When I do end up with scraps:
I have two compost bins on rotation. Any food waste (such as capsicum stalks or tea leaves) I do end up with gets popped in there. If you don’t have a garden or the space for a regular compost bin – i.e., if home is an apartment without even so much as a balcony – get your hands on a Bokashi Bucket or other benchtop composting system. Here’s some more useful info about how to compost regardless of your situation.
I crush eggshells and use them in the garden
I go through my fair share of eggs. Instead of chucking the shells or composting them, I wait until they dry before crushing them and sprinkling them around my plants. A) this helps to keep snails off and B) the shells leach calcium into the soil as they break down, which is good for the soil and the plants.
I keep meat and fish bones in bags in the freezer until I have enough to cook a big batch of stock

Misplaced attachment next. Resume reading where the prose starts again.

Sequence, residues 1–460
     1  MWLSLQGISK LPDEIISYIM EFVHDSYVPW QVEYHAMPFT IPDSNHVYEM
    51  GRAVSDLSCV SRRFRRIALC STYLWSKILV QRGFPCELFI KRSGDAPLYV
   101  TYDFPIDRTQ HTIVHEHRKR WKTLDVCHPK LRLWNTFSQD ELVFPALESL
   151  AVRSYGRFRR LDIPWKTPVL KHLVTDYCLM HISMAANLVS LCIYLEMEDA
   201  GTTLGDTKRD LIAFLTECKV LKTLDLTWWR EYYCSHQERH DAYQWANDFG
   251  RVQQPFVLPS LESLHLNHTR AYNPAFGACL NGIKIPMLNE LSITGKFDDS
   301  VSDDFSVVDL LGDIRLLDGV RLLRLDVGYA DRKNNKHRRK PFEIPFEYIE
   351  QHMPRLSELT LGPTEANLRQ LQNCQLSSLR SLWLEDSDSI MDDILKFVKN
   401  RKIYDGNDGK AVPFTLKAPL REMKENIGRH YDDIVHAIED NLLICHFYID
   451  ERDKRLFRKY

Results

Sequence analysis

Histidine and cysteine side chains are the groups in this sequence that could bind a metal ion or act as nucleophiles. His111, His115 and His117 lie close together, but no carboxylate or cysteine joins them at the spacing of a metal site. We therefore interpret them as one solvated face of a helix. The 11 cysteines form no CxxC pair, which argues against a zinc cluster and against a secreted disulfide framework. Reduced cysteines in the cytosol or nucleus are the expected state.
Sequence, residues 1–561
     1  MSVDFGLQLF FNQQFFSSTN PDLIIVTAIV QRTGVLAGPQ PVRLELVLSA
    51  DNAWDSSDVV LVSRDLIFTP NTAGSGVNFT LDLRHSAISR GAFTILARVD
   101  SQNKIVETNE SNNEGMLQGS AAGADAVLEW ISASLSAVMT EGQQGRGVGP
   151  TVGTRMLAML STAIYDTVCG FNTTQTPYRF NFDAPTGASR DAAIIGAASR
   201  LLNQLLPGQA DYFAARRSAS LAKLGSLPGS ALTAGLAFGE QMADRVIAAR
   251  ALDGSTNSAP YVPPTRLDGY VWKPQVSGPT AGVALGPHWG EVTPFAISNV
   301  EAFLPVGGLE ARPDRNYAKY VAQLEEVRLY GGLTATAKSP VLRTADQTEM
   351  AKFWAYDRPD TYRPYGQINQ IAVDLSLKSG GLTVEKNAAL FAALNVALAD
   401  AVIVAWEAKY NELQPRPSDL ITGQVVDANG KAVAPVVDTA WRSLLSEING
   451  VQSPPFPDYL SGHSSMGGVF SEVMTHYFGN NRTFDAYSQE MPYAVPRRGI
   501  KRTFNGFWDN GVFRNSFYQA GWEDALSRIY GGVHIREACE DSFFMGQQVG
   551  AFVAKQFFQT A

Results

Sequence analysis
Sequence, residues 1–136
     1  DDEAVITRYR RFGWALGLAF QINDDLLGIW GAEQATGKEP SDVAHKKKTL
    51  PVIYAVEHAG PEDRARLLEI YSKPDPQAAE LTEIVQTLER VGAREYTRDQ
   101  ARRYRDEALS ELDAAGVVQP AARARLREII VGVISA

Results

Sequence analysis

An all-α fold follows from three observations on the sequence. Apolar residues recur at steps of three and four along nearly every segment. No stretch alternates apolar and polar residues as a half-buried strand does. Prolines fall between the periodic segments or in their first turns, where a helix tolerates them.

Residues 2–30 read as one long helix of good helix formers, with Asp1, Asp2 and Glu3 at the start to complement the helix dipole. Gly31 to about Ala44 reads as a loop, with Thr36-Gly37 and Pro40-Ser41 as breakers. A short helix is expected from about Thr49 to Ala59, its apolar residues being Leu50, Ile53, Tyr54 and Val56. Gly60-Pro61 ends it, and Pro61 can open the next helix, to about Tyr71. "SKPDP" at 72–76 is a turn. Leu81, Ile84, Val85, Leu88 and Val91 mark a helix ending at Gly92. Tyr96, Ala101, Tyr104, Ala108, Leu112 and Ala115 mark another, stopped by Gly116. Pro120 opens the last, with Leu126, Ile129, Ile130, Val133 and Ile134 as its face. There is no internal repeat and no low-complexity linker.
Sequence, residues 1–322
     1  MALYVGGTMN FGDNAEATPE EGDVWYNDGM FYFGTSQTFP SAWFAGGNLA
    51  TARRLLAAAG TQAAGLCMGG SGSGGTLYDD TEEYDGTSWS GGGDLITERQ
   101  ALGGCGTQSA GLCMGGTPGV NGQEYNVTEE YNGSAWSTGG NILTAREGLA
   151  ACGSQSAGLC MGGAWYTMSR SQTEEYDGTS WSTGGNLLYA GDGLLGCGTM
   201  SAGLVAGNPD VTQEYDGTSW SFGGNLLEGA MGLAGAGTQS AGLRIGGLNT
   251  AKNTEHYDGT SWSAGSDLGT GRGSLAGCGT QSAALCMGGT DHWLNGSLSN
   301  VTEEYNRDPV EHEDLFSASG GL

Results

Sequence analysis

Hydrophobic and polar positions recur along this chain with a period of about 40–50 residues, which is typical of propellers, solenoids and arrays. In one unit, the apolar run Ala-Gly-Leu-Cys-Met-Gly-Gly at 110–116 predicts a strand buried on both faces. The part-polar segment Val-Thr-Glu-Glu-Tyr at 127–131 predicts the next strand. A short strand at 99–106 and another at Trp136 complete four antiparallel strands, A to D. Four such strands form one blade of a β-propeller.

I then freeze the stock in portions so I never have to buy stock. Some councils collect bones for composting, so check with yours’ first.
I sprinkle used coffee grounds over and around my plants
It prevents pests from attacking said plant and acts like a bit of fertiliser too.
I feed ratty leftovers to my pets
I give bits of pork fat or any scrappy bits of bread etc that I don’t want to my pets, one dog and one dog-like cat.
More ideas for how to use leftovers
Here are 21 clever tips for using food that’s on the way out.
*A small disclaimer: Am I perfect now? Nope. I won’t even try to claim to be. My food waste monster does occasionally rear its festering noggin. Sometimes I miscalculate portion sizes, cook too much and forget about the leftovers. But this happens less, much less. And I try. It’s in the trying that succeeding eventually triumphs.
This post first appeared on Econest, a blog about living a healthier, happier life.
Got any clever tips you swear by to avoid food waste? Please do share below!
To find out about our Towards Zero Waste short documentary, go to our Pozible page here: